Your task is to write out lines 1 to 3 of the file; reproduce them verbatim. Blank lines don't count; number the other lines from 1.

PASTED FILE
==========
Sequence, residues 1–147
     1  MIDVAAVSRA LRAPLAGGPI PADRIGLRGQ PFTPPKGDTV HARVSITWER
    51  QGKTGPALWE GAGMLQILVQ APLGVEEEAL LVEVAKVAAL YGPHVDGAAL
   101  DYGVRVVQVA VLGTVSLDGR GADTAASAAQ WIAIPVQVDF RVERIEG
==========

Sequence, residues 1–147
     1  MIDVAAVSRA LRAPLAGGPI PADRIGLRGQ PFTPPKGDTV HARVSITWER
    51  QGKTGPALWE GAGMLQILVQ APLGVEEEAL LVEVAKVAAL YGPHVDGAAL